Many examples of writers whose experiences with isolation as children informed their adult works: Kipling, Saki, Wodehouse, Trollope all were fond of animals, children, and bucolic spirits who expressed their emotions and motives very clearly and authentically (loc 1957, 1961, 2000, 2034)

Bereavement, Depression and Repair

It has been shown that people who feel their lives are mainly controlled by external forces suffer more from illness than those with a strong sense of agency over their lives (loc 2166)

Those who can turn to creative work have an advantage over those whose self-esteem relies entirely upon close relationships (loc 2182)

The extraverted person who loses himself in others can recover in solitude (loc 2439)

The introverted person impaired by early separation and isolation can find solace in the use of imagination (loc 2439)

The Search of Coherence

Some people are so disturbed when relationships go wrong because for them the meaning of life is bound up in intimate relationships. When relationships fall apart, so do they (loc 2480)

Some people say only in solitude do they feel most themselves, their most creative selves. They may have a tough time maintaining relationships, which become impositions on their lives (loc 2493, 2653)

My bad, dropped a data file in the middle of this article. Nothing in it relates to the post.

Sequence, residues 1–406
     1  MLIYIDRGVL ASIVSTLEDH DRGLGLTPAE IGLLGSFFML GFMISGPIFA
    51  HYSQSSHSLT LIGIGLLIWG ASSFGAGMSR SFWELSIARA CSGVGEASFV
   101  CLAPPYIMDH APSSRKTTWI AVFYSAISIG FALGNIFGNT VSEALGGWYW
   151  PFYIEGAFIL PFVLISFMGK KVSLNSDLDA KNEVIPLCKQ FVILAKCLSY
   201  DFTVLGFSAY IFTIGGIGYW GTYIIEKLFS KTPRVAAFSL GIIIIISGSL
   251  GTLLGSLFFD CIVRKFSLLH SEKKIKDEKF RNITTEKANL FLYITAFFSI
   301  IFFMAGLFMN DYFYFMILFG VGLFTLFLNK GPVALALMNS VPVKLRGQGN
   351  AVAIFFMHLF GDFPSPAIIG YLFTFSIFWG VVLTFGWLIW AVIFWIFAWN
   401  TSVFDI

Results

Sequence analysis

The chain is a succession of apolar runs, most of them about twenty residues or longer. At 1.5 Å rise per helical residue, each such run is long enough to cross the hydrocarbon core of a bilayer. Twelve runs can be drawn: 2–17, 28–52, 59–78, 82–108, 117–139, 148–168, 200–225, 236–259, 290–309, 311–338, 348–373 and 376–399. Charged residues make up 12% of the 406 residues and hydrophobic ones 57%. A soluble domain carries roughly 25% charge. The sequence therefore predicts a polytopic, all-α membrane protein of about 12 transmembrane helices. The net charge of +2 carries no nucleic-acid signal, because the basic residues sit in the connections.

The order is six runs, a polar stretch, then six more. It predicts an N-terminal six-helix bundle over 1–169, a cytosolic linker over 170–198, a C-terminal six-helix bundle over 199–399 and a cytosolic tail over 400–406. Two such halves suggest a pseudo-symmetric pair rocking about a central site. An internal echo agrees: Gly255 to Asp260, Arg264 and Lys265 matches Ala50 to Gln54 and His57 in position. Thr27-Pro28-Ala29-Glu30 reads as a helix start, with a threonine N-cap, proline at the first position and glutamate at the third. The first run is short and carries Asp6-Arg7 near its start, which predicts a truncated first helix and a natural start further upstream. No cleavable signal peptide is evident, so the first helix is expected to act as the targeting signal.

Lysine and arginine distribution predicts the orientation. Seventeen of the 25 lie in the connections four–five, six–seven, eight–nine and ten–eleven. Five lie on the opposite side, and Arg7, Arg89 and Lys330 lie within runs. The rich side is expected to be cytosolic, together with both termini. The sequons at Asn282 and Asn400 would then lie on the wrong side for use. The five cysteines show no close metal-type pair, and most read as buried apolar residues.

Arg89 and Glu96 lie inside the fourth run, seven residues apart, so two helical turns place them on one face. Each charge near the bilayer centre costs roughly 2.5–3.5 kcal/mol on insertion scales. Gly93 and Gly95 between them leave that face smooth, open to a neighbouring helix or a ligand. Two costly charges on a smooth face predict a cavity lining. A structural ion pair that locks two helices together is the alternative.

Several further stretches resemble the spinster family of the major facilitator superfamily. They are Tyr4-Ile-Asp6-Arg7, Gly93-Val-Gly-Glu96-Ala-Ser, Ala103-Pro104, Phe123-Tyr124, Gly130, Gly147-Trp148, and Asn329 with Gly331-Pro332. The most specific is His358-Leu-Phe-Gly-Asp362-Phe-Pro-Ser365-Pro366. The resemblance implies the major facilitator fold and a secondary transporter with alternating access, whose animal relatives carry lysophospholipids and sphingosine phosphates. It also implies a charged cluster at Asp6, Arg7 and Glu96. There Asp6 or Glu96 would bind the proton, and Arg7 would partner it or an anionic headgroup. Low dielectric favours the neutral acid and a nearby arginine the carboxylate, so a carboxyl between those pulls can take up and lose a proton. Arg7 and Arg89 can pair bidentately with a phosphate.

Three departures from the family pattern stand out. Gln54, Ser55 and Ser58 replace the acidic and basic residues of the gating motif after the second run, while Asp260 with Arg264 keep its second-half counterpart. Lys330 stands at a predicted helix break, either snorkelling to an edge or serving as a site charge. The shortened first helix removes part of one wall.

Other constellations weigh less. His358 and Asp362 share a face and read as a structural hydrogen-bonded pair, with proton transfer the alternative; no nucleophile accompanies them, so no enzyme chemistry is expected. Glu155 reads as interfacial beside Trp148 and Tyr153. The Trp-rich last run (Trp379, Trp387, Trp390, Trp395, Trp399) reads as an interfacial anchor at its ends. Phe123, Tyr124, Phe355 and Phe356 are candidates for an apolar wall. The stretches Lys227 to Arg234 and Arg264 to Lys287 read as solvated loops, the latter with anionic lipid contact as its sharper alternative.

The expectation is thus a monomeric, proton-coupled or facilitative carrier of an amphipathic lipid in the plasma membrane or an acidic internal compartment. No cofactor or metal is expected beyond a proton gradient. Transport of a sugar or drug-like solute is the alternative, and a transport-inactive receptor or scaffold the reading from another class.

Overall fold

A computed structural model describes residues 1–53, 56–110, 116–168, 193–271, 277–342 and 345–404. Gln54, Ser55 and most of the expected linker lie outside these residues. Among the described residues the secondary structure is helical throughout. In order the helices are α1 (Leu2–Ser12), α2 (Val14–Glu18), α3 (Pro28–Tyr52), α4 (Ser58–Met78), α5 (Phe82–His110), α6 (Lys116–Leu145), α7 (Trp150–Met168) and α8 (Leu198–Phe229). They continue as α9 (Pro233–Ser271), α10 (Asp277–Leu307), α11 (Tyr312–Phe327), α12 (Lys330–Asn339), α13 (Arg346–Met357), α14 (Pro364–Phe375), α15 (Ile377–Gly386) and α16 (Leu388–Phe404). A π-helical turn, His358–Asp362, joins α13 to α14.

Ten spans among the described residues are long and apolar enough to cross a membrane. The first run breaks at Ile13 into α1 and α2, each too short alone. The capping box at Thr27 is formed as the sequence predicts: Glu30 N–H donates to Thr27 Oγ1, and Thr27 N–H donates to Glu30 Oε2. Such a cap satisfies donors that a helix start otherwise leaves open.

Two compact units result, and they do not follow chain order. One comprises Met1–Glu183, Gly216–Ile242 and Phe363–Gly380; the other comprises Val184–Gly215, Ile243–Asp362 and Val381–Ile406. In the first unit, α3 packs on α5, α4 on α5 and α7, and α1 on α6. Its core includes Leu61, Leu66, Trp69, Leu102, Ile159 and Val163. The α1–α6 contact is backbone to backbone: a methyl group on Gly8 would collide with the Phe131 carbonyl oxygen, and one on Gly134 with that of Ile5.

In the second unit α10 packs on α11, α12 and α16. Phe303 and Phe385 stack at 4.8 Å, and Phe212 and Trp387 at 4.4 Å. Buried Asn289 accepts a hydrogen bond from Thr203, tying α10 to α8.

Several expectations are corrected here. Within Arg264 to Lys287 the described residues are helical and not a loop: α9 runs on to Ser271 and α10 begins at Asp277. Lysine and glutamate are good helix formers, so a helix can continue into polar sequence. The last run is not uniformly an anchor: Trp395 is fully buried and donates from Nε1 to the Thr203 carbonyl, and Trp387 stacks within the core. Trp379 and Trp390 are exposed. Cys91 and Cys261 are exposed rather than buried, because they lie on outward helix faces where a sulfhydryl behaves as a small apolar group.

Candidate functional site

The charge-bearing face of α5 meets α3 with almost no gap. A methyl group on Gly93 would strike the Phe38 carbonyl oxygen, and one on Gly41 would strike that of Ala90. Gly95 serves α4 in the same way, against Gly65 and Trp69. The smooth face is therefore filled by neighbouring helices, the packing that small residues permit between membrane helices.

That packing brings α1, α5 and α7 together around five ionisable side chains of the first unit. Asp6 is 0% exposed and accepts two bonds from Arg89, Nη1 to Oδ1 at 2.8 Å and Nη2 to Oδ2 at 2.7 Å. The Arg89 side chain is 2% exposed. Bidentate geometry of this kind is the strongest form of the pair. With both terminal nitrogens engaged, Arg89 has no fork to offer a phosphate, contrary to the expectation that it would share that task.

The deepest anxiety one can experience is “disintegration anxiety” felt by individuals who have not built up a strong, coherent personality due to lack of parental maturity or empathy. This anxiety sometimes manifests as obsessive compulsive drives towards people, things, ideas, art (loc 2524, 2771)

The Third Period

In old age, there is a tendency to turn from empathy towards abstraction; to be less involved in life’s dramas, more concerned with life’s patterns (loc 2847)

First period of artistry: the capacity for productive reaction against one’s training. To use one’s imagination to avoid destructive instincts. The courage to dispense with aspects of the past that are irrelevant to himself (loc 2855)

Second period: the manifestation of both mastery and individuality, being able to pursue one’s individual expression and some objective standard without disintegrating or falling apart (loc 2855)

Third period: the view of belonging to the magnificent pattern and tapestry of individuals struggling to belong and to be free

The Desire and Pursuit of the Whole

Jung’s self analysis of life -- The young individual emancipates himself from his original family to establish himself in the world. The middle aged individual discovers and expresses his own uniqueness as an individual. Personality to Jung was “the supreme realization of the innate idiosyncrasy of a living being” (loc 322)

Men become neurotic in mid-life because they have been false to themselves for too long (loc 3226)

In solitude, we can discover our personality, emancipate ourselves from our patterned reactions, and come in contact with our authentic, imaginative, creative selves (loc 3396)

Such a pursuit leaves us seeking a perpetual balance -- we cannot ignore relationships but we also cannot ignore ourselves. The desire and pursuit of the whole must comprehend both aspects of human nature (loc 3405)